Sunday, December 7, 2008

Pit bull mix survives attack with ER care, lots of love

Animal Services seeks good home for 'great dog'

The brown and yellow dog leaped into Dr. Karen Sheppard's lap, his tail wagging hard.

Slugger, a 2-year-old pit bull mix also known as Rags, has lived at Huntsville Animal Services since September after he barely survived a brutal attack with a baseball bat that killed his sibling.

But after emergency treatment by Dr. Tim Crowell at Chase Animal Hospital and weeks of TLC by the Huntsville Animal Services staff, especially by Julia Harrison, the personable dog only has a small scar left on his head to indicate his horrific ordeal.

"It's his kiss from God," said Sheppard.

While lying in Sheppard's lap, Slugger/Rags stuffed his head into a visitor's purse sitting on the bench next to him. The canine's head surfaced with a sealed pack of graham crackers in his mouth. Sheppard gave the visitor the OK to give the friendly dog the treats, which he virtually swallowed whole. He quickly returned to the treasure purse, where he also found some cheese crackers. They, too, quickly disappeared.

"He's a great dog," said Sheppard. "We just want to find him an appropriate home. He has not had a good life."

On Sept. 19, an unidentified resident of a northeast Huntsville neighborhood phoned Animal Services about two dogs being beaten with a bat by their owner.

Officers Anthony Yates and Clanzelle Moore found one dog dead on the ground and the other in a trash can.

They had retrieved a camera from their truck to take pictures for evidence to support animal cruelty charges when they noticed the dog in the trash can was breathing.

They took him to Chase Animal Hospital where Crowell began work. The prognosis was grim. Slugger's skull was cracked open and his eyes were swollen.

"He was in rough shape," said Crowell. "He was essentially paralyzed."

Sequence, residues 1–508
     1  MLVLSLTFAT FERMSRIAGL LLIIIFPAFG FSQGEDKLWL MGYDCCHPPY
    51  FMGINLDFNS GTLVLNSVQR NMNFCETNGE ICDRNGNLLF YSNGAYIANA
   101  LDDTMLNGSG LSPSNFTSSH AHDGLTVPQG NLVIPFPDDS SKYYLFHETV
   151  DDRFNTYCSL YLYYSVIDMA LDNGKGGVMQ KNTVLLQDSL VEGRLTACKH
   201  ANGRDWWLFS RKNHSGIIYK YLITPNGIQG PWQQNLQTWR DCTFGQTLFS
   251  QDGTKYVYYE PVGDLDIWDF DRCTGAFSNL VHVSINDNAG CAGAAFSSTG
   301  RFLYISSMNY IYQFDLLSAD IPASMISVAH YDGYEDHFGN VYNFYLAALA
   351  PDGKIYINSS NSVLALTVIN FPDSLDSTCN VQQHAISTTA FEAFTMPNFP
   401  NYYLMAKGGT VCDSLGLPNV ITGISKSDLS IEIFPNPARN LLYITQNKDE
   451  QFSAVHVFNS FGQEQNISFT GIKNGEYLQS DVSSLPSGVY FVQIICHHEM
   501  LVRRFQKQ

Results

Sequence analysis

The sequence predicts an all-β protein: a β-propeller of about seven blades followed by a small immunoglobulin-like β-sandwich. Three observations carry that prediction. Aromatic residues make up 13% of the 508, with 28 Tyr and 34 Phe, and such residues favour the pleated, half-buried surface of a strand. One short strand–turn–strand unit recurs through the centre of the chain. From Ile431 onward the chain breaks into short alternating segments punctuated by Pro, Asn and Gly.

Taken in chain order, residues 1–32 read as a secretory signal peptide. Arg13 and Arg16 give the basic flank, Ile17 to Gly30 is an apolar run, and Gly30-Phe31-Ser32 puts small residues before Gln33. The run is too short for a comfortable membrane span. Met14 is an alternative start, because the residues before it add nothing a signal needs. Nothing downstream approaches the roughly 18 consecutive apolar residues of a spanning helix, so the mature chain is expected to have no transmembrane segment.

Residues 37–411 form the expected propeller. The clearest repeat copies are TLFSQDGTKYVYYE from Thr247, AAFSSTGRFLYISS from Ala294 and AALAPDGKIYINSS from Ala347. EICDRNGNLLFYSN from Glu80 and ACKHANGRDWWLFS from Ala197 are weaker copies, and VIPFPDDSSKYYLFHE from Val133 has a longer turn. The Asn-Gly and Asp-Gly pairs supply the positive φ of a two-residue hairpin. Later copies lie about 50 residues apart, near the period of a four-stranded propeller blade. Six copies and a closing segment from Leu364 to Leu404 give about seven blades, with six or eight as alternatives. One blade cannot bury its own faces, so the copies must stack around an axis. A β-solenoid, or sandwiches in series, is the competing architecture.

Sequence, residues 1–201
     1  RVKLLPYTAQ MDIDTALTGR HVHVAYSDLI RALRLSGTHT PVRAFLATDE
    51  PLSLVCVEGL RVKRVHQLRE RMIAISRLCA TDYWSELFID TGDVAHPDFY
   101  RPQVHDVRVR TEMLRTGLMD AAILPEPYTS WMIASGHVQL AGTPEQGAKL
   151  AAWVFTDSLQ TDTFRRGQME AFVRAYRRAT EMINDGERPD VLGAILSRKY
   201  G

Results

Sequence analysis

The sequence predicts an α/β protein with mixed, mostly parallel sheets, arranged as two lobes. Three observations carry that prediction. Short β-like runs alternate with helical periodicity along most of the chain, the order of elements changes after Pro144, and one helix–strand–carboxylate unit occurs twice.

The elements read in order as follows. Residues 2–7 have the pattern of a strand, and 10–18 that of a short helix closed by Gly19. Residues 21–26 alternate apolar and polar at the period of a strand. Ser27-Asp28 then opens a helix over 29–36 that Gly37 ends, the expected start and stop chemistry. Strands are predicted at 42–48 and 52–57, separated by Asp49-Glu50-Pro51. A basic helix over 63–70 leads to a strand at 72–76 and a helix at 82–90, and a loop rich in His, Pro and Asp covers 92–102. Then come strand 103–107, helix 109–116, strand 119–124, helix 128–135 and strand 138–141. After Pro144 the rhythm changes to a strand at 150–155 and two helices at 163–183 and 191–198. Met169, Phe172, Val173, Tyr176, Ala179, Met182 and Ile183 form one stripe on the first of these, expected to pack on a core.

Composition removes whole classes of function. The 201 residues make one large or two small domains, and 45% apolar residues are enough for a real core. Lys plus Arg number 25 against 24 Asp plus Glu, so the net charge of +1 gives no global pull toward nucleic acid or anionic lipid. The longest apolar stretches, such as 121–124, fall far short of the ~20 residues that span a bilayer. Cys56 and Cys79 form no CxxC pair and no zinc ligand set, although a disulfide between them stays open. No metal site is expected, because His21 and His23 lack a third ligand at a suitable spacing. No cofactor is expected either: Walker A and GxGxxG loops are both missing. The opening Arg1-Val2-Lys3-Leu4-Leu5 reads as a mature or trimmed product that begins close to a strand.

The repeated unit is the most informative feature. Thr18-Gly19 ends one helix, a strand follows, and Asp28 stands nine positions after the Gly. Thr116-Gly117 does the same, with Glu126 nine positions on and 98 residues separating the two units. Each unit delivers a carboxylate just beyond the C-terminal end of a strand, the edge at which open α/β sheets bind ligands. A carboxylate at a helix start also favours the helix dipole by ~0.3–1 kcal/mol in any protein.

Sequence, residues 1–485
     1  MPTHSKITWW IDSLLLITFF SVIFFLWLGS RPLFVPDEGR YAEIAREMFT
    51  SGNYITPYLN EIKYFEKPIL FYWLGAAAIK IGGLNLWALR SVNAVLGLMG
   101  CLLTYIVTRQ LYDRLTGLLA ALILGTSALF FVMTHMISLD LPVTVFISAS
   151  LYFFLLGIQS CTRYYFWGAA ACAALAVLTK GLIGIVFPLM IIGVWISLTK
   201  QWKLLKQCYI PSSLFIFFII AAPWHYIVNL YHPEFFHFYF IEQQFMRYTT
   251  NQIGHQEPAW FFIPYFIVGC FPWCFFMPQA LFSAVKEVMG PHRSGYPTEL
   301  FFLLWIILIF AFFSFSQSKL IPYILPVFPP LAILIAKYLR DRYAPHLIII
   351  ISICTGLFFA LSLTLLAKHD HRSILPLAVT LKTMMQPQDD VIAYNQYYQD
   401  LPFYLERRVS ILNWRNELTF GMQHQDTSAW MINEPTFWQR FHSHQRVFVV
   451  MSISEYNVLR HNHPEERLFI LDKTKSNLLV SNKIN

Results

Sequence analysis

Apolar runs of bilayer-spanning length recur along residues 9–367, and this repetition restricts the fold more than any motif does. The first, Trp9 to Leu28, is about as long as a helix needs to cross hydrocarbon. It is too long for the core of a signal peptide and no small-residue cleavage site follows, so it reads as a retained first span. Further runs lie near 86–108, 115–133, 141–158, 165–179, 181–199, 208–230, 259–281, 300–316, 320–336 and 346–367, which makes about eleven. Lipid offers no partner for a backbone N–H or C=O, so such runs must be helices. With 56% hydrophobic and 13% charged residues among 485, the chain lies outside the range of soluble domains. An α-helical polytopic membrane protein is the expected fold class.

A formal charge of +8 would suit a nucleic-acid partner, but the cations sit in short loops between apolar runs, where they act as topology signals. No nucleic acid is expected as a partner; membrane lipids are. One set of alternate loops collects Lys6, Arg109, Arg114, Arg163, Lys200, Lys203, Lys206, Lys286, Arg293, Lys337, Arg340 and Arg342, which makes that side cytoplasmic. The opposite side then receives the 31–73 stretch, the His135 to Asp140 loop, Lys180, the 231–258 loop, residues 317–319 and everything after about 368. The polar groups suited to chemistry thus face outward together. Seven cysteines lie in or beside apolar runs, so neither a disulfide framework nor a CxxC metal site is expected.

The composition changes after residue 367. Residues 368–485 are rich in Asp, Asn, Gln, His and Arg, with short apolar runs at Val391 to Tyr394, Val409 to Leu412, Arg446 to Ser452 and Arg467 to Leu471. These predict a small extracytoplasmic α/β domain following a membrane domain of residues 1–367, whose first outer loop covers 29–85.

No one expected him to survive, but the dog they named Slugger fooled them.

"We started him on steroids to cut down the inflammation," said Crowell. "I said, 'You're probably going to die, but I'm going to give it a try.' "

Crowell said Slugger's injuries were akin to those of dogs run over by a car tire. He said it was among the worst abuse cases he has ever seen.

When the dog stabilized, Crowell suggested a staff member at the clinic give him a bowl of food.

Slugger wolfed it down.

"After a few days he was looking pretty good when the Animal Services officer came by to see him," said Crowell. "He said, 'He looks good enough,' so he took him. It just takes a lot of time with a neurological insult. The fact he had someone take care of him is why he has done so well."

But injuries like that require quite a bit of work, and Slugger's vet bill rapidly grew to more than $1,200, which Animal Services paid.

After arriving at Animals Services, Slugger quickly became "King of the Hill." The employees called him Rags.

"We love that dog," said Sheppard. "It was obvious he had been loved at some point. We didn't have to teach him to jump in our lap and lie down."

Sheppard said the 38-pound dog would have died within a couple of hours had the neighbor not called to alert Animal Services.

"We need citizens to report concerns," she said. "If the person had not cared enough to call, Rags would be dead."

When Animal Services officers confronted the owner about the dogs, he still had the bat in his hand and admitted to beating them, said Sheppard.

She said there are some "mental issues" in the case. The owner failed to appear for a court date, so a warrant for his arrest has been issued.

"There is some mental incompetence with neglect," she said. "That makes it very difficult for us."

She said Slugger/Rags' case is in the top 10 percent of cruelty cases she has seen in her six years as director of Animal Services. She said the department handles about one cruelty case every three months. Most cases involve neglect, such as not providing adequate food, water, shelter and veterinary care.

Sheppard has been tempted to keep Slugger/Rags as the shelter mascot, but believes he deserves a home after all his suffering.

"It's normal for the staff to get bonded with an animal after this," said Sheppard. "But he has a very cuddly personality, with medium to low energy. He needs to be in a home where he can be loved, and that's what we all want for him."

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